Court Throws Out Fine For Janet Jackson’s Super Bowl Nipple Slip

Janet jackson’s “wardrobe malfunction” during the 2004 Super Bowl’s half time show has become the most well known case of the FCC fining a broadcaster outrageous amounts for upsetting overly conservative people who need to get a life. AP reports that a three-judge panel of the 3rd U.S. Circuit Court of Appeals has thrown out the $550,000 fine against CBS, ruling that the FCC “acted arbitrarily and capriciously.”

The New York Times Tries to Help McCain But Drudge Intervenes To Help Obama

Maybe those Bar-B-Q’s for the press really do work. It looks like the media really is trying to help McCain out, but Matt Drudge seems to really like Obama and isn’t going to let McCain get off easy. After Obama had a thoughtful op-ed in The New York Times on his Iraq position, John McCain has put out an attempt at a rebuttal. The New York Times was extraordinarily kind to McCain in  sending it back suggesting improvements as opposed to allowing McCain to further demonstrate how weak he is in on foreign policy by publishing the op-ed as submitted. This also demonstrates that McCain’s smaller staff could really use some improvement in both the foreign policy and ghost writing departments.

McCain repeats his fantasy views of Iraq and he criticizes Obama’s views without presenting a coherent alternative of his own. He sounds like Richard Nixon in 1968, campaigning with promises of a secret plan to end the war in Vietnam. Yes, we all know that there are risks in leaving Iraq. The problem is that Bush left us in a situation where there are no perfect choices. It certainly makes no sense to just stay there for one-hundred years, and the Iraqis don’t even want that. Should McCain try, the analogy would not be like South Korea or Germany as he intended, but instead it would be a case of the United States being an occupying country, which would only continue to inflame anti-American sentiment.

Apparently the McCain campaign refuses to take the advice of The New York Times and write a more coherent piece. The New York Post is also considering running the piece. I wonder what their motivation is for trying to sabotage McCain’s campaign in this manner. Thanks to Drudge the harm is already done as the original op-ed has been spread around the web (copy under the fold).

Naturally some observers have other takes with regards to the motivations of the parties involved.


John McCain’s Bad Weekend

First Read sums up what a bad weekend it was for McCain:

You know you had a problematic weekend when: 1) one of your top economic advisers/surrogates finally steps down from the campaign after his “nation of whiners” remark; 2) you get panned for breaking CODEL protocol/etiquette by announcing (incorrectly) at a fundraiser that your opponent is headed to Iraq on Friday or Saturday; 3) the prime minister of Iraq tells a German magazine that he backs your opponent’s plan for withdrawing troops from that country; and 4) when the Iraqi government tries to walk back that support, it does so unconvincingly.

The first item shouldn’t matter. I don’t think many people are going to vote based upon a statement from an advisor as opposed to the candidate. The election is over what McCain and Obama think, not what Phil Gramm says. The second item by itself won’t be enough to matter, but it does add to a growing list of examples which will cause voters to question McCain’s competence. He’s showing himself to be the mirror image of Obama. While Obama has demonstrated a strong grasp of the issues his lack of experience remains a concern for some voters. McCain has years of experience, but the more he talks the more it becomes apparent that he is remarkably ignorant about government policy and the issues, especially for someone with as much experience as he has. Just being there for a long time is not enough.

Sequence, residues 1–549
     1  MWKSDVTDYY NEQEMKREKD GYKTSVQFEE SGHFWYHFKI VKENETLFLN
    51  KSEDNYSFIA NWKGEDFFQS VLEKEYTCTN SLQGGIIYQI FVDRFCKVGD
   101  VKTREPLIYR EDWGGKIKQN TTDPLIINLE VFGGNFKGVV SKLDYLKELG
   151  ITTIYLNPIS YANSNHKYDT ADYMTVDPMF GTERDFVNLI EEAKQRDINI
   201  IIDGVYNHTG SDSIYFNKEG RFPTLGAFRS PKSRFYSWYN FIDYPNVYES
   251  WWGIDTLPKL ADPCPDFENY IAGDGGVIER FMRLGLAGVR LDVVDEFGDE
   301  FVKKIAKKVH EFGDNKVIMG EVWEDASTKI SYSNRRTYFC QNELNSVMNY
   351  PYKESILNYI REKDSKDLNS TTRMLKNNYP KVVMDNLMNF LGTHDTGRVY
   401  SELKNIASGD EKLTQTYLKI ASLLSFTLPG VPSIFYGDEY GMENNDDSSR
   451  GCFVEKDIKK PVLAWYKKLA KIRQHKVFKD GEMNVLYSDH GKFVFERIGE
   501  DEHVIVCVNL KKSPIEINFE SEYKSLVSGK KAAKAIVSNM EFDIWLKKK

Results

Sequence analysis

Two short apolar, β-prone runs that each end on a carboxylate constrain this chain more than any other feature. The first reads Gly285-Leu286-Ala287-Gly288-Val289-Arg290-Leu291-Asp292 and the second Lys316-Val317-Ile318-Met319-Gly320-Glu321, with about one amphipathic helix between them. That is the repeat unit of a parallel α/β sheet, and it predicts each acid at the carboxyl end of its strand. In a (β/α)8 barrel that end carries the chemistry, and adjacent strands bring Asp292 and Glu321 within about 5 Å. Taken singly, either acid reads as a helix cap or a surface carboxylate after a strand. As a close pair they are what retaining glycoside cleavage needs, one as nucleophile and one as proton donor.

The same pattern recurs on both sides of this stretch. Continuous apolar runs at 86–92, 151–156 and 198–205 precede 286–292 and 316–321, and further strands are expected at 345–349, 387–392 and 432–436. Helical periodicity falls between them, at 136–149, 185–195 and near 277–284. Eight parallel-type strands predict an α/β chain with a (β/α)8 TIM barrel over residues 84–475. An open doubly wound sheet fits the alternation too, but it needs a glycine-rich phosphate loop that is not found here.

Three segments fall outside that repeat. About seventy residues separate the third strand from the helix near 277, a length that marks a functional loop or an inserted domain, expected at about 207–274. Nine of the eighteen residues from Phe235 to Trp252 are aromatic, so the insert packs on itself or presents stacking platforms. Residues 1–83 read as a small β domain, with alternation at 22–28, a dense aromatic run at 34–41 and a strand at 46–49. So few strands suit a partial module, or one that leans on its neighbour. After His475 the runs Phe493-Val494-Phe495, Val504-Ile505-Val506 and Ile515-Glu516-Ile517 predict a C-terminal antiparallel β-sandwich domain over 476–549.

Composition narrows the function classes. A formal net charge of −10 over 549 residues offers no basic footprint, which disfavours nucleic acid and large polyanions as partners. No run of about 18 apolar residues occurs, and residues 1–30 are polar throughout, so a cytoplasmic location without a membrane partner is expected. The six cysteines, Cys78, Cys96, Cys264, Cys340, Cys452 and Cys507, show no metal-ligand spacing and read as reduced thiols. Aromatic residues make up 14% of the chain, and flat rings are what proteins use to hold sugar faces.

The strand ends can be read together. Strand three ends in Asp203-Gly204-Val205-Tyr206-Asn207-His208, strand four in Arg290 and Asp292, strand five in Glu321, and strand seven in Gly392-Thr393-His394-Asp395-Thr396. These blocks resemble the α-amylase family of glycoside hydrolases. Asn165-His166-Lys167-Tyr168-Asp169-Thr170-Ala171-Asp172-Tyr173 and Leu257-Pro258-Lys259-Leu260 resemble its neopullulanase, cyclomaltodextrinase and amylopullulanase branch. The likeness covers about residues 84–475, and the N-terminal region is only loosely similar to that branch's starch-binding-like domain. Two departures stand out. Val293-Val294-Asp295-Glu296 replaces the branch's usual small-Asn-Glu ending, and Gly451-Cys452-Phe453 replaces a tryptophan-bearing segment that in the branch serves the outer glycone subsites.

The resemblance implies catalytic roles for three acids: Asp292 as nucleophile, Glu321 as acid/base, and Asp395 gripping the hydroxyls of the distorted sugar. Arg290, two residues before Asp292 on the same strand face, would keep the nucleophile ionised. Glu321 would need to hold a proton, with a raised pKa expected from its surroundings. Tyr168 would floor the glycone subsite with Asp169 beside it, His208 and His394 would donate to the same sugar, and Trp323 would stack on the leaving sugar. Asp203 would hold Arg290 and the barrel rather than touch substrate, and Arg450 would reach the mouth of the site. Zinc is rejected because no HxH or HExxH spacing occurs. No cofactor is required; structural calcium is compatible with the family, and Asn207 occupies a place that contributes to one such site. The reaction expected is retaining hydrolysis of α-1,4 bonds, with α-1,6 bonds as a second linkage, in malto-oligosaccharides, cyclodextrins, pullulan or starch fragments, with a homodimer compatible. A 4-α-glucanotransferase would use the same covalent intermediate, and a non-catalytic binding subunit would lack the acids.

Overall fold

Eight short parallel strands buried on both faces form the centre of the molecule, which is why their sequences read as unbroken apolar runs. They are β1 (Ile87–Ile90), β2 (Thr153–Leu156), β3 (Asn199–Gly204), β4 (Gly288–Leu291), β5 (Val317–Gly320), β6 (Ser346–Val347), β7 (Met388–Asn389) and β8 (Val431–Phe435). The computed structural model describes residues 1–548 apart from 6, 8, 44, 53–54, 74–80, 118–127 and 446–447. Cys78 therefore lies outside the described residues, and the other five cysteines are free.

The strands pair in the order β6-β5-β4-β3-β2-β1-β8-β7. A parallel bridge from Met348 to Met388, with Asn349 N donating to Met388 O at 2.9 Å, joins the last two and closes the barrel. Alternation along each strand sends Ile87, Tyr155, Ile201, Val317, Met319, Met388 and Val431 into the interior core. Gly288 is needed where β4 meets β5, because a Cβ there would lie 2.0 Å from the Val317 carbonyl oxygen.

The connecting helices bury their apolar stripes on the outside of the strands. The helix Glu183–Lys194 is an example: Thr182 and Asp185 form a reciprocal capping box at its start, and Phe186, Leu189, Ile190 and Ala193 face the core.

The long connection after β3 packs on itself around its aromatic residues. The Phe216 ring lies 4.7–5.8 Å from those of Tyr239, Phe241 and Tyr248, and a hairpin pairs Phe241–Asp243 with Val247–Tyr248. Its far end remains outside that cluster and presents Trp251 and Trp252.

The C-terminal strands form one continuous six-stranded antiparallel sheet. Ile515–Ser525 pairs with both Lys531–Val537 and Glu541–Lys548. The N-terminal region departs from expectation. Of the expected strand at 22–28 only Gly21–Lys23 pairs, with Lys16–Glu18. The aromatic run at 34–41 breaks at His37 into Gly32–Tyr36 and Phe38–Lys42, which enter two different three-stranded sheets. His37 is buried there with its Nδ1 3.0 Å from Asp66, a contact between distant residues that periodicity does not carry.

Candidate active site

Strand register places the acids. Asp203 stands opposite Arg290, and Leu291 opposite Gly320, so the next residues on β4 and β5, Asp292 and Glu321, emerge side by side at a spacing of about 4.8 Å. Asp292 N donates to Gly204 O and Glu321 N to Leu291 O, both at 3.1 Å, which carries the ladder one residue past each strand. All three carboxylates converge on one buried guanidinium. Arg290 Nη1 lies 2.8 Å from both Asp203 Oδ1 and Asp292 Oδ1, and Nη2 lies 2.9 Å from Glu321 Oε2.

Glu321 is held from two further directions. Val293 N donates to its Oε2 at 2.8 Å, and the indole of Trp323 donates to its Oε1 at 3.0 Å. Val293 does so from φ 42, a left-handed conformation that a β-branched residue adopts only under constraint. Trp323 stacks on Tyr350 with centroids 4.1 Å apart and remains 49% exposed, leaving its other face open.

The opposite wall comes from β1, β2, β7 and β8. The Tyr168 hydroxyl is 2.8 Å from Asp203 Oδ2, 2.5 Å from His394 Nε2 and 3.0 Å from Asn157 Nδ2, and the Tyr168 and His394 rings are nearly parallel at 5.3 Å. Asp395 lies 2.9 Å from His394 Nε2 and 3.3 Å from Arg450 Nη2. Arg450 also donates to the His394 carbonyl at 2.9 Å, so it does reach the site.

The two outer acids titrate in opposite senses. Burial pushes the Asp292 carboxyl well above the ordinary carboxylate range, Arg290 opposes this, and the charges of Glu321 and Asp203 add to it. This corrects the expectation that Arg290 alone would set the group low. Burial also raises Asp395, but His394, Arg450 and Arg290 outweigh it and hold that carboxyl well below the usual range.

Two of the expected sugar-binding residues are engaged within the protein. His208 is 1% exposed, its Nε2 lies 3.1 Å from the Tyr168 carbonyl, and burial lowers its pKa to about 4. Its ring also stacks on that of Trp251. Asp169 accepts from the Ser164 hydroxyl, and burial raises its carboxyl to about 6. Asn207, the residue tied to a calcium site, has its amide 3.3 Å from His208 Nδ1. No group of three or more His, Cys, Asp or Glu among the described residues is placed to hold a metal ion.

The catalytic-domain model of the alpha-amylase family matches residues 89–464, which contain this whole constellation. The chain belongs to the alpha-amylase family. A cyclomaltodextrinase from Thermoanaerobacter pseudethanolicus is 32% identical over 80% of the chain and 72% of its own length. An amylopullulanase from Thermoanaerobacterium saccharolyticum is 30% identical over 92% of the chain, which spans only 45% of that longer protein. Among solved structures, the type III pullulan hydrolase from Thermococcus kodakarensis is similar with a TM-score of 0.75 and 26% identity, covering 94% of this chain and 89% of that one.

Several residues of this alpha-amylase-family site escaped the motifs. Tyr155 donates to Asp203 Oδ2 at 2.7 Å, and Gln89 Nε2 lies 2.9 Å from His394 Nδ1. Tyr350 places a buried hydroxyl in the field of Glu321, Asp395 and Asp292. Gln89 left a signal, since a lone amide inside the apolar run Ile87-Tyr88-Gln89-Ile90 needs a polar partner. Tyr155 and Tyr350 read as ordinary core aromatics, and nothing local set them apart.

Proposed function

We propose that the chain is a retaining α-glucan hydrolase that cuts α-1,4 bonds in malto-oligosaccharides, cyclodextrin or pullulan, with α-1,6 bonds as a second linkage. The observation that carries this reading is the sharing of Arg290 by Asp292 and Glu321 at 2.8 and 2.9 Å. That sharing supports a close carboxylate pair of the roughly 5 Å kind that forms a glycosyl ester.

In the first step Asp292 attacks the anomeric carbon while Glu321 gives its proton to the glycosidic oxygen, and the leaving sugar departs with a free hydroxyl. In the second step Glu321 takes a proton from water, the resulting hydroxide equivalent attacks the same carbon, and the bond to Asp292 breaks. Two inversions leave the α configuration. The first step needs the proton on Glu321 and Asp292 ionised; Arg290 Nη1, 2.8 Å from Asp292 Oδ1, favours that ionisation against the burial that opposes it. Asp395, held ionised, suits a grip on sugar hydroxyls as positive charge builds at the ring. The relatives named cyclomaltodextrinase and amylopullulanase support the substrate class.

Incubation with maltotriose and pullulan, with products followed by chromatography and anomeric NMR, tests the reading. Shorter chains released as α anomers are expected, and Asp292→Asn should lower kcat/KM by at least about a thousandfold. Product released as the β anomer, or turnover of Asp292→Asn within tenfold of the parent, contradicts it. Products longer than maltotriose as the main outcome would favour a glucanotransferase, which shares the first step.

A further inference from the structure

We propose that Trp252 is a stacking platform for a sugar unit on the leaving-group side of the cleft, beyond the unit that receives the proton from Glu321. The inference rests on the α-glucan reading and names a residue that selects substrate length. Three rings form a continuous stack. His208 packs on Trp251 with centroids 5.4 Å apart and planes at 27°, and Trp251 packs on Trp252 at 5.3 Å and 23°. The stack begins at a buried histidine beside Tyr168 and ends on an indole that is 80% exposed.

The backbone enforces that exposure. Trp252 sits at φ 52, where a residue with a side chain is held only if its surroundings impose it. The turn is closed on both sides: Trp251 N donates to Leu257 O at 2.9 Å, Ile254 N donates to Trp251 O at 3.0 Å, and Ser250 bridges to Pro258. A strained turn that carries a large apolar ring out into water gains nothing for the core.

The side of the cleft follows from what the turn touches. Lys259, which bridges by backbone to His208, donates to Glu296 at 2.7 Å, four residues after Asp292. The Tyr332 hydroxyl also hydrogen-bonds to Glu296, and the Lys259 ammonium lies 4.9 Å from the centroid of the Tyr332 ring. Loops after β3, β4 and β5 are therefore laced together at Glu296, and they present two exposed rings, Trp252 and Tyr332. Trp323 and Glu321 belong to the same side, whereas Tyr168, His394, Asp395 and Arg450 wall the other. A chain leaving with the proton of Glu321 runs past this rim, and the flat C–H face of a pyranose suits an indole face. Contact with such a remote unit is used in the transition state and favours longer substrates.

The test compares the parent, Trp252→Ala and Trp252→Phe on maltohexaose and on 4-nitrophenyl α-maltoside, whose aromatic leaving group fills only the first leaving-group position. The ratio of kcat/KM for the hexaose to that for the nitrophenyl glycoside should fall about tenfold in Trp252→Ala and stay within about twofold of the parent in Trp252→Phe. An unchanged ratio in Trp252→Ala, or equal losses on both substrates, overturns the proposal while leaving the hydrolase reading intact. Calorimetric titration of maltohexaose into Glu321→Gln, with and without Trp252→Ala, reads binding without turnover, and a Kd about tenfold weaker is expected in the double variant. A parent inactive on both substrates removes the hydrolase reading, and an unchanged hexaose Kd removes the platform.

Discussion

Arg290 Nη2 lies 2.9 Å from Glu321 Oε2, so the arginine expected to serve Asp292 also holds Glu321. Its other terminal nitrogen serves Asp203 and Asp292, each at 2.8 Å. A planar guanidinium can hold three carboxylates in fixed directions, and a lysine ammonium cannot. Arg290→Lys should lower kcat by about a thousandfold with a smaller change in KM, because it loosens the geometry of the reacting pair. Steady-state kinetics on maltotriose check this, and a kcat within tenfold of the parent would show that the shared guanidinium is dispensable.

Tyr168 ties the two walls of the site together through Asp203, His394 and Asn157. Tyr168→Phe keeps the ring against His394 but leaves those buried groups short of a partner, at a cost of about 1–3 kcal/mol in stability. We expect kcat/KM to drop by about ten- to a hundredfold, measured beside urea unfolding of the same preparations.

It is clearly the third and fourth items which really matter. McCain was wrong about the most important question in supporting Bush’s decision to go to war. His distractions of claiming success for the surge only highlight his lack of understanding of a need for a political settlement. The decrease in violence during the surge was  predicted by many opponenets of the surge and has yet to be demonsrated to be of any long term signficance. Now that Iraq has made it clear that they want us out in 2010, not one hundred years from now, McCain has lost on the major issue of his campaign.

Drug Law Insanity

Ed Brayton provides an example of why we need to end the drug war:

We all need to support Charles Lynch, whose trial on drug charges is scheduled to begin July 22nd. Lynch ran a licensed marijuana dispensary in Morro Bay, CA, perfectly legal under that state’s medical marijuana law. He was arrested last year on Federal drug charges and faces – get this – 100 years in prison. Why? Because he dispensed medical marijuana to a 17 year old, with his parents’ permission (they went with him to get it, again as required by California law) for treating the symptoms of his bone cancer.

Brayton blames this insanity on Justices Scalia, Ginsburg, Breyer, Souter, Kennedy and Stevens for as they “voted with the majority in Raich and upheld the primacy of the federal Controlled Substances Act over state medical marijuana laws. These are the justices who perversely decided that a constitutional provision giving congress the authority to regulate interstate commerce also gives them the power to regulate an activity that is neither interstate nor commerce.” He also blames the Bush administration “which has zealously enforced the CSA against those following their own state law.”